Montclair is still assessing the damage throughout the township caused by unexpected, heavy flooding on Aug. 11.

Montclair, as a flood-affected area, is eligible for disaster relief from FEMA, according to an announcement that the township sent to the public one week after the floods. The township is collecting totals of damaged properties to report to the state as part of the relief application process. The township, and some homeowners and businesses, can expect to receive federal disaster aid money.

Residents are asked to report storm damage to Montclair Fire Chief John Herrmann.

As of Tuesday, Aug. 21, only three households had reported damage to their homes, Herrmann said. One likely explanation was that over the years, residents had installed sump pumps and French drains to help lessen damage.

According to Federal Emergency Management Agency (FEMA) guidelines, if a property owner files an application for assistance with FEMA, an inspector will come to the site and do an inspection. If the claim is approved, payment will be granted.

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The Bellaire apartment complex at 530 Valley Road saw heavy damage when the underground parking garage flooded. Several vehicles, the elevators, boiler and HVAC system were damaged in the flood, Herrmann said.

Studio Playhouse and at least four businesses in the area of Bloomfield Avenue, South Park Street and Church Street including Java Love, Culture Couture, Lululemon and CVS experienced flood damage.

Volunteers load plywood, set pieces and sodden carpets into a Dumpster outside the Studio Playhouse.
Volunteers load plywood, set pieces and sodden carpets into a Dumpster outside the Studio Playhouse.

At Java Love on Church Street, the cafe was open for business four days after the basement flooded, and most of the tables were filled with customers. The basement doors on the sidewalk stood open, and a fan could be seen running inside.

Lisa Johnson, the owner of Culture Couture, said the shop experienced two inches of water on the main shop floor. But a few days later, the water had been cleaned up and the shop was back in business.

Montclair Film Executive Director Tom Hall said his organization was still waiting on an estimate for the financial cost of the damage to the floor in the screening room and to the ceiling in the Education Center. Repairs to the floor are expected to start next week.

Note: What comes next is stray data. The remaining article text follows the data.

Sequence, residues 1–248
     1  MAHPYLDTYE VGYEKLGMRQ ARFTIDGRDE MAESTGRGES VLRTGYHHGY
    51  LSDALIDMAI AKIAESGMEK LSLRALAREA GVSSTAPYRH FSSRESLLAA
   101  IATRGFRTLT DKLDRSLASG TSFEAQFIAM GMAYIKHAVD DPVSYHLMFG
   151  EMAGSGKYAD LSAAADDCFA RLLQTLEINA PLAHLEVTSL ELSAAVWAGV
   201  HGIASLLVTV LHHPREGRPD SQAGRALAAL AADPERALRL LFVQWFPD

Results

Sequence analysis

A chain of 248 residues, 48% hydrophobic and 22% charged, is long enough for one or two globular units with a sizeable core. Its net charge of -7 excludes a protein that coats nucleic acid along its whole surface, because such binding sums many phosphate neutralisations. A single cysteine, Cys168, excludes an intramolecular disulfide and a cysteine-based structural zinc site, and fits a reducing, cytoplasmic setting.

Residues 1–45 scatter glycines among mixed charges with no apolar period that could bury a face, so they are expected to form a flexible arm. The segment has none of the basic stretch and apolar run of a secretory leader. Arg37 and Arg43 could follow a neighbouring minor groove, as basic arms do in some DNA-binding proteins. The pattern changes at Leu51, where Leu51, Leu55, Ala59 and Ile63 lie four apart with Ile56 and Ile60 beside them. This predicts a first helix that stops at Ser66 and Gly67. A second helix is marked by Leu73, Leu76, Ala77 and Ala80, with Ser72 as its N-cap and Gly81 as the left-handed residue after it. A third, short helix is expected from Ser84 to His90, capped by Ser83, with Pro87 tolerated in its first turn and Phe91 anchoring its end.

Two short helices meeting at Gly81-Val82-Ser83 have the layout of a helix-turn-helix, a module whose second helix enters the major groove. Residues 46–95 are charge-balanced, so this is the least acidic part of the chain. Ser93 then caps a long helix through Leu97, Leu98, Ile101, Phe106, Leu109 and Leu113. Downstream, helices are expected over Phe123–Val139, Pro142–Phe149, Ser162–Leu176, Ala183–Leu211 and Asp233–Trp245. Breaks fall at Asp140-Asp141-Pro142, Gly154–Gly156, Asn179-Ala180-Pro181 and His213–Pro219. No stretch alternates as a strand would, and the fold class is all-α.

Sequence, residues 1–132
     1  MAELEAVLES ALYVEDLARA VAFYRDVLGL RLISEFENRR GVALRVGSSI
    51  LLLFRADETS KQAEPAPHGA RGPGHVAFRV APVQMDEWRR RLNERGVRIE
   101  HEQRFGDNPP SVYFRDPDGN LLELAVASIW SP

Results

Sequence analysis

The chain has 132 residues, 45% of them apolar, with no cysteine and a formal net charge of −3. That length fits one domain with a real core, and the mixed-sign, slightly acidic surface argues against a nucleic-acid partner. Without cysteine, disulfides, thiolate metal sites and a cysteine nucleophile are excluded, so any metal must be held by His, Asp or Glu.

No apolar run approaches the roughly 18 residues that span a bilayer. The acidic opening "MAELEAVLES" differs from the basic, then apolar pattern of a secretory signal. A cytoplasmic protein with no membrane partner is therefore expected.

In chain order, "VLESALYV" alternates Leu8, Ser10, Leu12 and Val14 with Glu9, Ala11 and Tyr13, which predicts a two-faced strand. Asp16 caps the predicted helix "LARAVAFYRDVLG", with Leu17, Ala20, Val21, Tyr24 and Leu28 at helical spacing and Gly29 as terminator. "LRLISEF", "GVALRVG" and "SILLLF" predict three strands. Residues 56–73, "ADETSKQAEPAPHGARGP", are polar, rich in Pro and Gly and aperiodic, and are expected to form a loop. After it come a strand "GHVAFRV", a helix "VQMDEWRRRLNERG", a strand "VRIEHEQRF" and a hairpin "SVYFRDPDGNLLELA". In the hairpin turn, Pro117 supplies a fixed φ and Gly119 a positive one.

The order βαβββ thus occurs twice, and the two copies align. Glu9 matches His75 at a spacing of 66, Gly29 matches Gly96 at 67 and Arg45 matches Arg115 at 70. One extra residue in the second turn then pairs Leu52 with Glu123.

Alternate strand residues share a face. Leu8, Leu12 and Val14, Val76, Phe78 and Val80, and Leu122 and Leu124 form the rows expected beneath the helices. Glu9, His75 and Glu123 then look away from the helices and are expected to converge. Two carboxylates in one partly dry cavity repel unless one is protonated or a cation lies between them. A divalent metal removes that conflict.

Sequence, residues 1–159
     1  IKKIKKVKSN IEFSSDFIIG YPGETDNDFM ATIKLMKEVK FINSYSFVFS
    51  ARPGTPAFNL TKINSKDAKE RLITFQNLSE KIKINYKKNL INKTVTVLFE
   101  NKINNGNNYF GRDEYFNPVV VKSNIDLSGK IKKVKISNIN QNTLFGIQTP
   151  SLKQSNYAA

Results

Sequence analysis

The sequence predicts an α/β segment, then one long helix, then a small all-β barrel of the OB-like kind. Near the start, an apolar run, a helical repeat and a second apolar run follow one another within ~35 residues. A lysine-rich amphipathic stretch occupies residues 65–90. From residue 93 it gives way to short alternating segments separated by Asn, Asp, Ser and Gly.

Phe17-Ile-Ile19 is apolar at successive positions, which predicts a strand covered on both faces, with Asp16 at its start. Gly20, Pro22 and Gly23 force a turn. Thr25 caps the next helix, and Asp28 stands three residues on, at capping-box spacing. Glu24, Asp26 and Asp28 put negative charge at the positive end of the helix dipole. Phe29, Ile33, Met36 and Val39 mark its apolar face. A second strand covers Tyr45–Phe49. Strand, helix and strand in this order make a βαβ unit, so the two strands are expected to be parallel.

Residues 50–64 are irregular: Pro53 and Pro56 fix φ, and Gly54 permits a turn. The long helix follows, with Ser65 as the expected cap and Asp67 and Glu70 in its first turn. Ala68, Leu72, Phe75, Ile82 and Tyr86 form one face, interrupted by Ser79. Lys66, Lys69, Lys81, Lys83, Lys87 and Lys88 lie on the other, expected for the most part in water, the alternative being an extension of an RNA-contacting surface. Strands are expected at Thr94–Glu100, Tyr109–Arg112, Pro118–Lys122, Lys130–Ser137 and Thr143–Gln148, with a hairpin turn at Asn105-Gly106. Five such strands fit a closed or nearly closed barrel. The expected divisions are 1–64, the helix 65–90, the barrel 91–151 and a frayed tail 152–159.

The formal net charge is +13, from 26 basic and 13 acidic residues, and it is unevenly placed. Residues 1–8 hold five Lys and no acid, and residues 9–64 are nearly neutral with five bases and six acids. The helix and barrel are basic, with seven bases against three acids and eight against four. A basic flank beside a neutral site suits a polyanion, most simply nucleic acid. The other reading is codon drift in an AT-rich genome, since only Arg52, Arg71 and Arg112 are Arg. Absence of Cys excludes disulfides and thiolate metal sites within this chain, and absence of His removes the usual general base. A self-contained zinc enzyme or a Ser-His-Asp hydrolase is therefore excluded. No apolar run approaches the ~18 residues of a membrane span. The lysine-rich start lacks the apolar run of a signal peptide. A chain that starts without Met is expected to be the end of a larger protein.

Staff at Lululemon could not comment on the extent of damage, and instead deferred comment to Lululemon’s corporate office.

Studio Playhouse was one of the hardest-hit properties, with the theater on Alvin Street losing nearly its entire stock of props and sets when the basement storage area flooded with four feet of water over the weekend.

The playhouse expects that it will cost $40,000 to replace the boiler, basement level plumbing and slop sink, and to rebuild the shop and the bathroom. This does not include the cost of all the stage sets and props lost in the flooding.

The theater is accepting financial donations, but has advised donors that donations of props, costumes and other items will have to wait until there is a place to keep them.

Katya Wowk, the township communications director, said that the township has not yet put together a full report on the extent of the damage throughout the town.

Homeowner’s insurance policies typically do not cover natural flooding. Flood insurance must be purchased separately through the National Flood Insurance Program (NFIP).

The program has been in existence since 1968. Homeowners can only buy NFIP insurance through a participating insurance agency. If a homeowner’s insurance agency does not participate in NFIP, homeowners can call NFIP to request a referral to an agent.

Montclair businesses and residents in flood zones surrounding Toney’s Brook, the Third River, the Pearl River and Yantacaw Brook must get flood insurance. Montclair participates in NFIP on the municipal level.

Homeowner’s insurance generally covers damage caused by sewer backups, but not rising water washing through a door or window. Instead, a separate flood insurance policy is needed, according to Maggie Seidel, of the American Insurance Association.

Flood insurance itself has some limitations. For example, according to FEMA’s website, flood insurance will not cover damage caused by mold and mildew if it is deemed that the owner could have taken steps to avoid it.

The building property section of a flood insurance policy, according to FEMA’s guide for property owners, usually covers repairs such as to HVAC systems, boilers and permanently installed appliances such as dishwashers and refrigerators. There is a separate personal property section for clothing, electronics and movable furniture, as well as certain kinds of valuables and art valued up to $2,500.

There are three questions homeowners should have when evaluating their flood insurance, said Seidel. The kind of coverage, the deductible amount and coverage of other expenses such as temporary housing if the house is not safe to occupy for a period of time.

More and more homeowners are starting to reevaluate the extent of their insurance coverage.

“Especially now. In the aftermath of events like this, it puts risk at the forefront of people’s minds,” Seidel said.